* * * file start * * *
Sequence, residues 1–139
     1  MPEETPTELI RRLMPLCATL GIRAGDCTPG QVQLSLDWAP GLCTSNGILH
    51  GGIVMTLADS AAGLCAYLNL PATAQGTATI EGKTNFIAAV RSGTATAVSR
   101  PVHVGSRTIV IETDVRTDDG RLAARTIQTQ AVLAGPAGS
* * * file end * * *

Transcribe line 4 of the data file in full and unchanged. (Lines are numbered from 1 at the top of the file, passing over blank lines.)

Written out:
   101  PVHVGSRTIV IETDVRTDDG RLAARTIQTQ AVLAGPAGS